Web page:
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The Independent

Visiting Writers Series: “Jesus Land” Author Visits

Grace Yu, writer

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The next reading will be with poet Andrea Rexilius at 3 P.M. on Wednesday, Nov. 12, in the Recital Hall. A Q-and-A will be held at 7:05 P.M. on Thursday, Nov. 13, in room D003 close to the cafeteria. 

The next reading will
be with poet Andrea Rexilius at 3 P.M. on Wednesday, Nov. 12, in the Recital Hall. A Q-and-A will be held at 7:05 P.M. on Thursday, Nov. 13, in room D003 close to the cafeteria.

“I tried to become a woman that night in a way that was reckless beyond my comprehension,” reminisced writer Julia Scheeres in her recent essay, “The Ballad of Tribute Steve,” which was published in New York Times Sunday Magazine.

The essay chronicles an experience from her long past but unforgotten teenage years, her awkward, hormonally driven, yet undeniably sweet interactions with a Steve Perry-look-alike at a Journey tribute band concert put on at her high school.

“I owe it to the decency of a traveling musician that I remained a girl — a longing, swooning, dreaming girl — a little while longer,” Scheeres said.

Tribute Steve had picked her out of the audience to serenade with Journey’s sentimental pop lyrics. A funny, tender recollection of memory, this candid, yet warm kind of writing offers a foretaste of the style that characterizes her best-selling memoir “Jesus Land.”

The NEIU community was recently given the opportunity to discuss the memoir with the author.

Scheeres was the second installment of NEIU’s Visiting Writers Series, curated by English professor Alicia Erian.

“Jesus Land” is a story about growing up; more specifically, it is a story focusing on the friendship between two siblings growing up together.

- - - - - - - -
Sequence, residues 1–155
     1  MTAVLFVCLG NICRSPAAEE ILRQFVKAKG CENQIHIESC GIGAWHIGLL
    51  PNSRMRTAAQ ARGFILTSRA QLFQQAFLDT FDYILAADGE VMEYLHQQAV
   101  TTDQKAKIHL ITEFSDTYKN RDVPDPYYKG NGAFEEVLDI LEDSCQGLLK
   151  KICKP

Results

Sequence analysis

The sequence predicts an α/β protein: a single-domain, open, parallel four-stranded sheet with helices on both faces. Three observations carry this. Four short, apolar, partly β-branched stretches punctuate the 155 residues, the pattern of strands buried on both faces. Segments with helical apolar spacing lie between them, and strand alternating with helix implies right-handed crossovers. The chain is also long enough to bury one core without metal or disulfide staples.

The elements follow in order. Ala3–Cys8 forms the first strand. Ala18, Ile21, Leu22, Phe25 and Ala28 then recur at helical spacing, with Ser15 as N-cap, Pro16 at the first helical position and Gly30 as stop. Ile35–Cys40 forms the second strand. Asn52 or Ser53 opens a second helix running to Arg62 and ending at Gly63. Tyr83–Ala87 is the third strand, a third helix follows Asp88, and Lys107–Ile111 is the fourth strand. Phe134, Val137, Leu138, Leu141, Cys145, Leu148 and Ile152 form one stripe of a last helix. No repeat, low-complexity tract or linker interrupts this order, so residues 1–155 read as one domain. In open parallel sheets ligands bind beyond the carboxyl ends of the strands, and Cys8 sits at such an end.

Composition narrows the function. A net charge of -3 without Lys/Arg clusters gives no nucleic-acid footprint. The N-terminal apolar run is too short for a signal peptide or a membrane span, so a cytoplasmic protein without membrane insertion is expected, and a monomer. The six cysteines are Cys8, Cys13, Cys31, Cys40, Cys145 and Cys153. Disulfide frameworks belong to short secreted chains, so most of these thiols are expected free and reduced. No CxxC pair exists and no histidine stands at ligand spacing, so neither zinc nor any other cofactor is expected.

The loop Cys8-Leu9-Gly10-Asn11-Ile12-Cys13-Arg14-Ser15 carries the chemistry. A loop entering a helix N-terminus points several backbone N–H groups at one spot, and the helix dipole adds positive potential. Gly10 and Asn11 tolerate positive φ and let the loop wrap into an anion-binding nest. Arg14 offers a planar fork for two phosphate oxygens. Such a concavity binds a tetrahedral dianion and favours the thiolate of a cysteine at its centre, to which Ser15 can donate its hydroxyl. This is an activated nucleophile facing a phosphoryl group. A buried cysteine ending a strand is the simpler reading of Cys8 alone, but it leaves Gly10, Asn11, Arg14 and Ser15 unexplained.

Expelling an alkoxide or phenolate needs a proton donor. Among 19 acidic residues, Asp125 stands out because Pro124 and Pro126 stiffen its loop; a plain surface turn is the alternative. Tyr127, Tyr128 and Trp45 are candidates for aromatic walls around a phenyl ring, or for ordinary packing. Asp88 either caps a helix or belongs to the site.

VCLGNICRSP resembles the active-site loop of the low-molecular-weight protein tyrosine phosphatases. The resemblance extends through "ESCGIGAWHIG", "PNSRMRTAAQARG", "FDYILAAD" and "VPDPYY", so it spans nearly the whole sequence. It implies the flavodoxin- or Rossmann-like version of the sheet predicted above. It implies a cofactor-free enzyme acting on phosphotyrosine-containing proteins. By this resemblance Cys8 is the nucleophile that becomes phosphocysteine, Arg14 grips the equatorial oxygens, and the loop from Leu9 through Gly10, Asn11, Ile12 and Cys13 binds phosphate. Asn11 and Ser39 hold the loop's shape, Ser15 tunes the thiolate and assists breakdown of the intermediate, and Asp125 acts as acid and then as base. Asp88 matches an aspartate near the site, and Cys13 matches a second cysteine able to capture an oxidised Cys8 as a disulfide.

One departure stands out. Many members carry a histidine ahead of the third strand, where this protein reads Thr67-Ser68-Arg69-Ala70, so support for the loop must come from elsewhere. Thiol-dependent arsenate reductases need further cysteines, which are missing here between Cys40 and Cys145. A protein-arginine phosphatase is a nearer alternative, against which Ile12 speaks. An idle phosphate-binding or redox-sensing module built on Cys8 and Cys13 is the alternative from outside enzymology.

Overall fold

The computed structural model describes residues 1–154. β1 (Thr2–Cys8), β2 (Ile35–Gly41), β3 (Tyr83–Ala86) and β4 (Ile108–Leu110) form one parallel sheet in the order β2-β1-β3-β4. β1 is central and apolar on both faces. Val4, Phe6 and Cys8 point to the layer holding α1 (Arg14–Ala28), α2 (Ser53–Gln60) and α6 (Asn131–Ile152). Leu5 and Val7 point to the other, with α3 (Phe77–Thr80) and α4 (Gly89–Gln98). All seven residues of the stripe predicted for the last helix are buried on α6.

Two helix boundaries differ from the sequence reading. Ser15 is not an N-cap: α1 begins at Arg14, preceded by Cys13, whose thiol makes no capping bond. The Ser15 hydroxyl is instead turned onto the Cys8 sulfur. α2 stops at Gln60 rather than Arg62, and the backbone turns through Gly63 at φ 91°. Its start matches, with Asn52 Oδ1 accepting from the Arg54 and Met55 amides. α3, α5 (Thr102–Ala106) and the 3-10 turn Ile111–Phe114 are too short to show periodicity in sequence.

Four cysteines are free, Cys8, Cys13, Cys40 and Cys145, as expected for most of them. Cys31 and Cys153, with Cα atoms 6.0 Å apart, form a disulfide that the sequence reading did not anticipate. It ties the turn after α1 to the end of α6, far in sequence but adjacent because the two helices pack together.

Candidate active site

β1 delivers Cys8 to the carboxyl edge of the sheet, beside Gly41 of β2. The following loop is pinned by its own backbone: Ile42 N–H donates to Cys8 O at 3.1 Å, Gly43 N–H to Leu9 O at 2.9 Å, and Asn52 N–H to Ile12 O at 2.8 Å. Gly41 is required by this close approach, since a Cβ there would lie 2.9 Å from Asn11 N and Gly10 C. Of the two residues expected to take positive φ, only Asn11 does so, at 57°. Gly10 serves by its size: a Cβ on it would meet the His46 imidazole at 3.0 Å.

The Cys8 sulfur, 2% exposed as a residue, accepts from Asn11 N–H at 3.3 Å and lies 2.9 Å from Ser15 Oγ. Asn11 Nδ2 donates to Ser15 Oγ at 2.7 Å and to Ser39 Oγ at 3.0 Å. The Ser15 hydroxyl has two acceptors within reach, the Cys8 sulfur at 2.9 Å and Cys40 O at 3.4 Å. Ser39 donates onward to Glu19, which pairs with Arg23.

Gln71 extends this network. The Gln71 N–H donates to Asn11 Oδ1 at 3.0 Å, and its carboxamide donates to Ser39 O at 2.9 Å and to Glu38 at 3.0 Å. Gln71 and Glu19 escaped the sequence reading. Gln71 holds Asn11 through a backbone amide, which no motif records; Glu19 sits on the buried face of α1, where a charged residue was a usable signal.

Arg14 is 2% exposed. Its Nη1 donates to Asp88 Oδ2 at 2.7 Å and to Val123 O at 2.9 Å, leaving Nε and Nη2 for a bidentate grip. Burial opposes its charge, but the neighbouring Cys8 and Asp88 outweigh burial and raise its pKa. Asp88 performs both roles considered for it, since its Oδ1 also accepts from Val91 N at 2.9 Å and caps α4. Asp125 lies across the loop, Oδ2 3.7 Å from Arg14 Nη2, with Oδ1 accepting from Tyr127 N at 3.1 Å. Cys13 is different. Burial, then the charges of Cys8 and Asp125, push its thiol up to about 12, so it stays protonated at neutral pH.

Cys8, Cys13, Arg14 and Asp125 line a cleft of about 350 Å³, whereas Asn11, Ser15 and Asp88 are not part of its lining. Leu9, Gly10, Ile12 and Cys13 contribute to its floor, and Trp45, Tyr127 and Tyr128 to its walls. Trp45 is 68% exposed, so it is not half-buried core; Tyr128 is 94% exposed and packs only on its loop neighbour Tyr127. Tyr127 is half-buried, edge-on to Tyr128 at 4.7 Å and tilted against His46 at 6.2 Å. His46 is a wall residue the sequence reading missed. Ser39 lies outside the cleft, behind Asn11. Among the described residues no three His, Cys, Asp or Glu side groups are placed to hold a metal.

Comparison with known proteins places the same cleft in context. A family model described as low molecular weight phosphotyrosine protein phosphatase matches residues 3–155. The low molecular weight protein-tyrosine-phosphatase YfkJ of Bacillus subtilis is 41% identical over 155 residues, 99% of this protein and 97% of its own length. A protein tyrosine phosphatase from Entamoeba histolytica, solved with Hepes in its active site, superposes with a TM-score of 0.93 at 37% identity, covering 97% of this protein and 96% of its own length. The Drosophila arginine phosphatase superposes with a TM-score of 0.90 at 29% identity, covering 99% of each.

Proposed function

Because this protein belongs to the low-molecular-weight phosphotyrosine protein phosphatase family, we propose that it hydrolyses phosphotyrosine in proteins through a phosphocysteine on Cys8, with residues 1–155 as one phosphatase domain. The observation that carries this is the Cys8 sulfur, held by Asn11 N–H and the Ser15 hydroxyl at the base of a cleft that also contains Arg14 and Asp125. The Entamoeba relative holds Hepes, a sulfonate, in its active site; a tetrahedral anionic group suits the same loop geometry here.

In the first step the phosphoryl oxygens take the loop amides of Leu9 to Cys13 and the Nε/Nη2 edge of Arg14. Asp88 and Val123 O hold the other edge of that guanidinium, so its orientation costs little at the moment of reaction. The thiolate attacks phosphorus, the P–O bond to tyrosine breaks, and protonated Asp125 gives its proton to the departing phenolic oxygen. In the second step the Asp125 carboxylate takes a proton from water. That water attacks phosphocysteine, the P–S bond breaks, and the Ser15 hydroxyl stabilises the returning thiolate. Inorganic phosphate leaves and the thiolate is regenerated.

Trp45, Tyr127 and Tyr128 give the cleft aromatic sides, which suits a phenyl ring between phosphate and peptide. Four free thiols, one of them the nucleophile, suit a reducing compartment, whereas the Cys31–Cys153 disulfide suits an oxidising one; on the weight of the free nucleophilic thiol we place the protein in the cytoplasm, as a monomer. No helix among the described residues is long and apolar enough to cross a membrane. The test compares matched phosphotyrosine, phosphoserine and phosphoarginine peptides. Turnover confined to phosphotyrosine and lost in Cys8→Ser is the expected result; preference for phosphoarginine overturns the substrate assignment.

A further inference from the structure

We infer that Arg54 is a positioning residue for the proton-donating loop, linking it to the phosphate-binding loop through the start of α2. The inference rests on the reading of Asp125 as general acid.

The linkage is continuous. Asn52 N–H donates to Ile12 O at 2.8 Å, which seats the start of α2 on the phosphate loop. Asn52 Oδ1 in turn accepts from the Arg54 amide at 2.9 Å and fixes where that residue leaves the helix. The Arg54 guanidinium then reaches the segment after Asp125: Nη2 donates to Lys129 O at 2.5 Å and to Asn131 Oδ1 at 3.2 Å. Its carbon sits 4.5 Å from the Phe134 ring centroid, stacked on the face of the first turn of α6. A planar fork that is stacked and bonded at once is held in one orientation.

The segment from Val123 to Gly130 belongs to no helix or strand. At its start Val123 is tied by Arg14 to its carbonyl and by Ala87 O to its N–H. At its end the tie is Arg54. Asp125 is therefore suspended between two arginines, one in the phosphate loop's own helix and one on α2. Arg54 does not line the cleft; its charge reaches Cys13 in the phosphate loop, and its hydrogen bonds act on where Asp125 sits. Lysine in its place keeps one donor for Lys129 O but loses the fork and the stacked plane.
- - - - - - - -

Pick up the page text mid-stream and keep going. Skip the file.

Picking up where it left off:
Scheeres’s conservative Christian parents adopted two young black boys, David and Jerome, to raise alongside their biological children.

During her later high school years, Scheeres, along with David, was shipped off to a supposedly paradisiacal private school, Escuela Caribe, which proved rigid and oppressive, despite its advertisement as a therapeutic, healthful environment for the development of young men and women.

Scheeres’s efforts later helped the closing of the school.

While “The Ballad of Tribute Steve” is its own form of memoriam to a figure who formed a brief but definitive experience in the coming-of-age of a young Scheeres, “Jesus Land” is a different kind of memoriam, to a beloved boy with whom Scheeres shared a home, meals and traumatizing private-school experiences.

Scheeres today no longer practices the Christianity of her upbringing. This decision was formed partly or wholly by the conservative environment she was brought up in.

Scheeres was careful not to dismiss religion entirely, and she addressed this question to the NEIU audience by sharing the admirable examples of her still religious sisters. However, her account is a poignant one, raising issues about race and religion, friendship and morality, growing up and looking back. These themes are central to the lives of all citizens of modern society, especially to the lives of all young people today.

Scheeres’s most recent book is a historical account of the infamous Jonestown massacre called “A Thousand Lives: the Untold Story of Jonestown.”

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